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Forensic Anthropology

Forensic Anthropology

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Forensic Anthropology

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  1. Forensic Anthropology

  2. What Questions Can Forensic Anthropology Answer? • Race • Sex • Approximate age • Approximate stature • Pathologies (diseases) • Traumas (injuries) • Other individual traits

  3. Identity of Decomposed or Skeletal Remains • Are the remains human or animal? (butchers remains and skeletal remains of dead pets etc. may be found in unlikely places) • Are they really bones? (wood, stones) • How many bodies? • How long dead? - recent or ancient (e.g. construction or digging at an old burial site) • Cause of death?

  4. How does this Work? • Regression equations used to determine sex, age, stature, and race of skeletal remains. • Regression equations are mathematical equations developed from studies of bones of individuals of known sex, age, race, and stature, and are used to predict such things of even fragmentary skeletal remains."

  5. Sex Estimation • The sex of an individual is determined, when soft tissue is not present, by a number of skeletal indicators. • The more indicators used to determine sex, the more accurate the results. • A forensic anthropologist is analytically limited by the bones present and the condition of the bones.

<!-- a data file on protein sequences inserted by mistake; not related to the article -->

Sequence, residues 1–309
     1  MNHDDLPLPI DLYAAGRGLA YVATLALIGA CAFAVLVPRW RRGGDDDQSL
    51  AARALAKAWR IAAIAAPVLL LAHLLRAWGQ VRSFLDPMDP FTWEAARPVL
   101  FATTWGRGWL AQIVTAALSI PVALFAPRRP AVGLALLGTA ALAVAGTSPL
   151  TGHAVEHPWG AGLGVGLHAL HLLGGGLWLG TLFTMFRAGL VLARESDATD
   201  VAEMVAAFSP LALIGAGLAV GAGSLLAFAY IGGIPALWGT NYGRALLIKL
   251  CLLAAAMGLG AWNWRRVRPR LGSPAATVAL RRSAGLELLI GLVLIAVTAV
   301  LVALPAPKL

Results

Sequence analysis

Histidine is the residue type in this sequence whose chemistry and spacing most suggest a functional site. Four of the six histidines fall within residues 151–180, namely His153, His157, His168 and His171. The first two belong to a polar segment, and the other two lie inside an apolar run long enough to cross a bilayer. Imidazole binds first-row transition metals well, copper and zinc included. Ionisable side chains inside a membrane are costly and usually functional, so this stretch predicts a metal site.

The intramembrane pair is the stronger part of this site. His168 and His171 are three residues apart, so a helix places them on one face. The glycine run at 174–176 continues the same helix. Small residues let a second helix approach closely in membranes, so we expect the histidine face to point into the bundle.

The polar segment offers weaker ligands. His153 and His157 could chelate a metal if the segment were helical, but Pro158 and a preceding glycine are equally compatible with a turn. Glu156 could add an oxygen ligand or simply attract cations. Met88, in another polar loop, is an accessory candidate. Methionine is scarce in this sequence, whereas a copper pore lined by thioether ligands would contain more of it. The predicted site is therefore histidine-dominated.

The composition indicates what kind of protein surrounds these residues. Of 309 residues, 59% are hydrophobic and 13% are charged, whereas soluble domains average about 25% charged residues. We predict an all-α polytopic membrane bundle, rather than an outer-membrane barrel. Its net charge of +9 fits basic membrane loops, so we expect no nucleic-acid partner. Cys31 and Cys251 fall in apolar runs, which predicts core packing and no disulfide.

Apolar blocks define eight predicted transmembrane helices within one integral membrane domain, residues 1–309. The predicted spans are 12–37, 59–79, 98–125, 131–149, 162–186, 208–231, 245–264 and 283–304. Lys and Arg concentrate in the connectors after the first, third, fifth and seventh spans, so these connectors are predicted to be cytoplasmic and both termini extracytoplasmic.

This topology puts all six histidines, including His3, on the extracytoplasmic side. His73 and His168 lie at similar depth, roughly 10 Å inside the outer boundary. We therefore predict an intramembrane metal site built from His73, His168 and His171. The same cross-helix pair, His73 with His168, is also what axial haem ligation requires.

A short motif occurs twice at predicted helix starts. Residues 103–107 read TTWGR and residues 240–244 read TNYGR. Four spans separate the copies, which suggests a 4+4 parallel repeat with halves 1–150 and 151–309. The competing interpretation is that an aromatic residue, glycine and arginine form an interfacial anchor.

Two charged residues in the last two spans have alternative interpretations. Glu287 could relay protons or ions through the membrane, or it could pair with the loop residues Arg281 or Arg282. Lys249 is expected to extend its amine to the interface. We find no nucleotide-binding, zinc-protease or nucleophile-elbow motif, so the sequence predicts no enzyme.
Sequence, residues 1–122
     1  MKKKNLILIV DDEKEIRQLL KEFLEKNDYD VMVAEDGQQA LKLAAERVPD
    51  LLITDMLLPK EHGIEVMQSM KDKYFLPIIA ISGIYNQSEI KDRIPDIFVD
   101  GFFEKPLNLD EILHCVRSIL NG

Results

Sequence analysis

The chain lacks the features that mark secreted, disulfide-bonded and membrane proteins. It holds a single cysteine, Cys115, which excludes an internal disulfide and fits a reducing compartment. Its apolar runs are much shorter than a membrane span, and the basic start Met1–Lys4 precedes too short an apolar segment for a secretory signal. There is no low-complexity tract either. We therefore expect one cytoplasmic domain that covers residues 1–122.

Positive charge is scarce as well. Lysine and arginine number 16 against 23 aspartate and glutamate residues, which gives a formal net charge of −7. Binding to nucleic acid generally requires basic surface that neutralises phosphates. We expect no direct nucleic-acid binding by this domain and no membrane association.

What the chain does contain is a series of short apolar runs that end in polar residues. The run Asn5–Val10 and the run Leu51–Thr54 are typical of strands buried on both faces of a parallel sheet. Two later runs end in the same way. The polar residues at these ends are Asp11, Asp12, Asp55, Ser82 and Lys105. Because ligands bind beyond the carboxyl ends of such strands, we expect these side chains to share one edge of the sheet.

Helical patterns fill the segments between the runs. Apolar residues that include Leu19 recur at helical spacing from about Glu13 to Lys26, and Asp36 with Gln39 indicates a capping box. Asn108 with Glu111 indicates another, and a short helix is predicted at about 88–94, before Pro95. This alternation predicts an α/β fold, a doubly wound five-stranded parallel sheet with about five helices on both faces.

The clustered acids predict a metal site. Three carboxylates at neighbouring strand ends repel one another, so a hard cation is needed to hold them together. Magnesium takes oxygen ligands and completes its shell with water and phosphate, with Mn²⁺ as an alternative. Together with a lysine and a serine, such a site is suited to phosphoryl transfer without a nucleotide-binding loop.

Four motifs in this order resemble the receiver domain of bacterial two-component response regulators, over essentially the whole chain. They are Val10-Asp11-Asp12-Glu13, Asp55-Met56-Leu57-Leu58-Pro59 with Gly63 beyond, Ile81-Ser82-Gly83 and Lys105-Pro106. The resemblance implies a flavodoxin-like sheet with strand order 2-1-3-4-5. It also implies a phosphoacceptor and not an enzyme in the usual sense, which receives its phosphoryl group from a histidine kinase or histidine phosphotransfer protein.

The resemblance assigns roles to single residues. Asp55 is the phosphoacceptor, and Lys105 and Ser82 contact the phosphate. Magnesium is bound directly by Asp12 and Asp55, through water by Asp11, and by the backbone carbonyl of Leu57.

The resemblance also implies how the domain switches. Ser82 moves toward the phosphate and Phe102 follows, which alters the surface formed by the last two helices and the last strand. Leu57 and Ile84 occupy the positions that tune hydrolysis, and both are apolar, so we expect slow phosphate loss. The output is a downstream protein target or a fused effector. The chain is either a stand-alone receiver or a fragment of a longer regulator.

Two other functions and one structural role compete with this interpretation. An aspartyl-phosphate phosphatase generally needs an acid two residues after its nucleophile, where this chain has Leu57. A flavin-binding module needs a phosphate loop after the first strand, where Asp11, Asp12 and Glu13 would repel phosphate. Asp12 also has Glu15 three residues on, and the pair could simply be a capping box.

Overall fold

6. Bones of men are larger and more robust than bones of women. • Some bones display specific features which can be used to help determination of the sex of the skeleton. The best indicators are the: • Skull • Pelvis • Head of the Femur

  7. Sex Estimation – long bones • Usually related to size in adult long bones • Male bones: usually larger, longer in a single population – be cautious if different populations are involved • Maximum diameter of head of humerus and head of femur may be used (Bass). • Much more difficult to estimate sex in children’s skeletons.

  8. Head of the Femur • In men, the diameter of the head of the femur is larger than 51 mm. • In women, the diameter of the head of the femur is less than 45 mm.

  9. Other femur features

  10. Sex Estimation: Skull • Good area for sex determination • Generalization: male skull more robust, muscle-marked than female, but ABSOLUTE DIFFERENCES SELDOM EXIST • Sex estimation: face, mandible, vault

  11. Sex Estimation: Face 1. Supraorbital (Brow) ridges: more prominent in males 2. Superior orbital margin: sharper in females 3. Palate: larger in males 4. Teeth: larger in males 5. Mastoid process: more prominent and rugged in males. 6. Orbit (Eye socket): Rounder in females, more rectangular in males 7. Chin: more pronounced in males and larger jaws.